Google’s vision for Android O: faster, more refined experience

The beta version of Android O is now available to developers, and it will be rolled out for consumers later this summer, starting with Google Pixel phones


Dave Burke, vice president of engineering, Android, speaks on stage during the annual Google I/O developers conference in California, US on 17 May. Photo: Reuters
Dave Burke, vice president of engineering, Android, speaks on stage during the annual Google I/O developers conference in California, US on 17 May. Photo: Reuters

We are heading into that time of the year when excitement about the next Android operating system gradually increases. And right on cue, Google gave a sneak peek of Android O at the upcoming Android at the Google I/O developer conference—this will power Android phones, tablets, Android TVs and Android Wear watches.

Instead of going for a complete overhaul this time around, the Android O operating system will be more about subtle improvements, tweaks under the hood and better overall performance. Anyone who was expecting a complete visual overhaul will be disappointed—but to expect that with every Android iteration annually would anyway be asking for a bit too much.

Interestingly, the critical but not too glamorous improvements that Google is making with Android O, have been categorized as “vitals”. And these changes will go a long way in making your smartphone experience feel slicker, faster, less resource hungry and genuinely smarter.

One of the under-the-hood changes in Android O will be tweaks that improve performance. This will include faster start-up times on the same devices compared to the current Android Nougat. Apps will load faster, background processes will be shut down to prevent unnecessary resource hogging and any unnecessary stuff will be shut down and certain new features will reduce the number of steps to execute a task—all this will be part of the performance. If this gives your phone a new lease of life, then this itself is worth all the effort Google is putting into improving performance.

Security is on the agenda too. Google is introducing a new feature called Play Protect. This will keep running in the background, automatically update itself, and will keep scanning your device to detect any malicious software. Google says that more than 50 billion apps are scanned everyday globally (remember that harmless pop-up on your new Android phone which requested your permission to allow Google to verify apps regularly?), and believes that the machine learning algorithms based on this knowledge are now robust enough to be able to detect new risks. The Play Protect feature isn’t exactly an anti-virus solution, if you are visualizing it as that, but something that’s more passive and perhaps smarter.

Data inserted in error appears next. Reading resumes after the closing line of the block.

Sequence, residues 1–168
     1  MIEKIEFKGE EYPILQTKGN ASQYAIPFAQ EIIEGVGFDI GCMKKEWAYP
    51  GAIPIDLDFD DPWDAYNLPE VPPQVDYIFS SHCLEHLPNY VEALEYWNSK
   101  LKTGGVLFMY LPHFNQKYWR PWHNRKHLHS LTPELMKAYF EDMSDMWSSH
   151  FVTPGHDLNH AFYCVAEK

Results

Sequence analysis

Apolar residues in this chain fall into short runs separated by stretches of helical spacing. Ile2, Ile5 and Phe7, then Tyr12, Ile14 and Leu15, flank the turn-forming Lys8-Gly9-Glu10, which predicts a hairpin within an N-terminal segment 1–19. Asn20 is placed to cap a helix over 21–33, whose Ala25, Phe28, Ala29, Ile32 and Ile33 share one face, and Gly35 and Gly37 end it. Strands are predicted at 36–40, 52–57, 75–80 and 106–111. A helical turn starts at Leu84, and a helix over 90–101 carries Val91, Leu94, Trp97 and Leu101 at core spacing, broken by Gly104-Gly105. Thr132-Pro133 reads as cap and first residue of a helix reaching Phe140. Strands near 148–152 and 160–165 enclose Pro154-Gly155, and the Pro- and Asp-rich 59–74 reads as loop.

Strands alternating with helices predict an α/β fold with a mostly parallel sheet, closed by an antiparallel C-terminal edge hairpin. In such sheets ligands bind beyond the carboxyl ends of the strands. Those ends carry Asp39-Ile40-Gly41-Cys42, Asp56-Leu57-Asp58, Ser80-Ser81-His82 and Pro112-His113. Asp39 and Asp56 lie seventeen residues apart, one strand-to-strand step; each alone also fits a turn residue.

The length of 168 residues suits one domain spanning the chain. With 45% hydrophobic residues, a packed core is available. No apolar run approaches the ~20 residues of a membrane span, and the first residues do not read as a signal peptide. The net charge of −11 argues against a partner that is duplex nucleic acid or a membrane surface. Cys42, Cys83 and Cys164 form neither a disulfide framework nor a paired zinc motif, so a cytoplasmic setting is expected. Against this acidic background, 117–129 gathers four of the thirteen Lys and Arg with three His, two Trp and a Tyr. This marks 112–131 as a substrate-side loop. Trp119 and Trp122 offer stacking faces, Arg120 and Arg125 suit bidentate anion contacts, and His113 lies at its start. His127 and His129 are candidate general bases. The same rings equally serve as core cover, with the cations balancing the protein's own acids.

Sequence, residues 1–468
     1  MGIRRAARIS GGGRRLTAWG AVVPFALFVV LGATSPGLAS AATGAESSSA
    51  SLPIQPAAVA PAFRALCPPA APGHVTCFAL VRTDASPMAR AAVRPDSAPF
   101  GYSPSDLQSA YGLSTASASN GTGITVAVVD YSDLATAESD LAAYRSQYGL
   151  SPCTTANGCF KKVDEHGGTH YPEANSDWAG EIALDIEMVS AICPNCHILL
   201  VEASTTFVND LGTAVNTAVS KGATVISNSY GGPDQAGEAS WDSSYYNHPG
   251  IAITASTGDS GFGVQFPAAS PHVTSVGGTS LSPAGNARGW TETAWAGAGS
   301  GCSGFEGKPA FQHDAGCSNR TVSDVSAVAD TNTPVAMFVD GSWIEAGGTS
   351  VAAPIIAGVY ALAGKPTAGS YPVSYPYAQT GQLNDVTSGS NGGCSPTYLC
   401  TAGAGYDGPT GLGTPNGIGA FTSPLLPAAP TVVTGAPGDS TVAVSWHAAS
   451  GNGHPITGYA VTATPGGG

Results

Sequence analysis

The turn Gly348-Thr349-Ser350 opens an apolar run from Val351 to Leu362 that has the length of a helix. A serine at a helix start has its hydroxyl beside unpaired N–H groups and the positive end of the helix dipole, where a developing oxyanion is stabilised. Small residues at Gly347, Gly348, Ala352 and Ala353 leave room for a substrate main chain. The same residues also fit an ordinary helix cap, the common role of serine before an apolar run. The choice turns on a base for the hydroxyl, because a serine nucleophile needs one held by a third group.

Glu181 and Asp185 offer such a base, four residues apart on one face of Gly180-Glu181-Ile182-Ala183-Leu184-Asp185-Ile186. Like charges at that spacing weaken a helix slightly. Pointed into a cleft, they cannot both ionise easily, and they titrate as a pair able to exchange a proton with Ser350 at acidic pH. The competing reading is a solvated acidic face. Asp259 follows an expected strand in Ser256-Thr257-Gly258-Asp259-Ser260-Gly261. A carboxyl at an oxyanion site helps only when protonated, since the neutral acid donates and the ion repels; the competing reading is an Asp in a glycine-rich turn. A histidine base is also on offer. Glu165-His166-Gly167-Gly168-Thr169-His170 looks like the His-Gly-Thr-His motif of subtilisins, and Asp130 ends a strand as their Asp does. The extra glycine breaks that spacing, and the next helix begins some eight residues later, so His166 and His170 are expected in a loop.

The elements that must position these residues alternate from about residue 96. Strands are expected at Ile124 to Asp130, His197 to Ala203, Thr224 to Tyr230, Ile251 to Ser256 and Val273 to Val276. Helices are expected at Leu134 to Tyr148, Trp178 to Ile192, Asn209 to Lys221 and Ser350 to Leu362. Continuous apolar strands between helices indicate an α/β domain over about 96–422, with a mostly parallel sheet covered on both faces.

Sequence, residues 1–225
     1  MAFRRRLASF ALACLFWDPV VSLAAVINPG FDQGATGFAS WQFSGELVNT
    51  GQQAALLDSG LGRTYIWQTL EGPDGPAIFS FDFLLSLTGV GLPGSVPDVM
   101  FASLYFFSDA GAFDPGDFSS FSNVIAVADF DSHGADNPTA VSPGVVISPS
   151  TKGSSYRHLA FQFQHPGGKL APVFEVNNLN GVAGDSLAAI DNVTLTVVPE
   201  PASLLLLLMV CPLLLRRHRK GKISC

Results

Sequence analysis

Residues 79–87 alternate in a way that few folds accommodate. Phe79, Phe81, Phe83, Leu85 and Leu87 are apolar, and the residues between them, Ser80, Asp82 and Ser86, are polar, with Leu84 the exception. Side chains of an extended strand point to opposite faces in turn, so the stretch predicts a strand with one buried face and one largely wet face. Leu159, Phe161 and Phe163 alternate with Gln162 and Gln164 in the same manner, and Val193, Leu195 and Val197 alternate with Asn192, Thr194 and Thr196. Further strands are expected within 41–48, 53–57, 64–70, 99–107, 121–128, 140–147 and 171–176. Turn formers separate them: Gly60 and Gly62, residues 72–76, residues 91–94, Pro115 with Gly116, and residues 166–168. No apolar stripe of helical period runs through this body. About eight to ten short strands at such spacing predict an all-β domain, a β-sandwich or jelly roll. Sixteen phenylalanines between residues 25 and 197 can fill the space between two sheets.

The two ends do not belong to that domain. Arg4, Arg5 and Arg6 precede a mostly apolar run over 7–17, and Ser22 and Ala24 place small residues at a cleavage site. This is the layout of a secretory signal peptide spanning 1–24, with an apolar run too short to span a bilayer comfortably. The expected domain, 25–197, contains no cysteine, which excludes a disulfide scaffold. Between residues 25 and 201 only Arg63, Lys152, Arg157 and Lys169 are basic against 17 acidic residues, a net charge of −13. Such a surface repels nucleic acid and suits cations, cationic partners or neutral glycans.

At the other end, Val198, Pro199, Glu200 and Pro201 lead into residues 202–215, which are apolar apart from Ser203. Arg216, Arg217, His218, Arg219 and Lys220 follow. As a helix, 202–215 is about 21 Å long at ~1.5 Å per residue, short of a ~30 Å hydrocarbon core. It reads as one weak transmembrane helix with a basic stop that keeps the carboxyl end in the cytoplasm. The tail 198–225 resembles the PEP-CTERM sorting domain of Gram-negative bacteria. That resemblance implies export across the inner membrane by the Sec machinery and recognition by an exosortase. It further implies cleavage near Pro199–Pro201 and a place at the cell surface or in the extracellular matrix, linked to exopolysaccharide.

The settings app options will be streamlined too, something that Google has tweaked considerably in Nougat too. But there is more work to be done, and O will be the next step in that.

There will be new app notifications too—each app will get a colour coded dot on the app icon, and you can long press that to view the new message. You can swipe it away too, and that will clean it from the rest of the notification list.

Then there is picture-in-picture, which will let you share the same screen between two apps—a lot of phone makers such as Samsung have added this feature on their Android phones for a while now, but Google is now integrating this.

There are just so many little things that Google is doing with Android O, that there is significant hope of a slicker smartphone usage experience when O lands on Pixel phones first and then on others.

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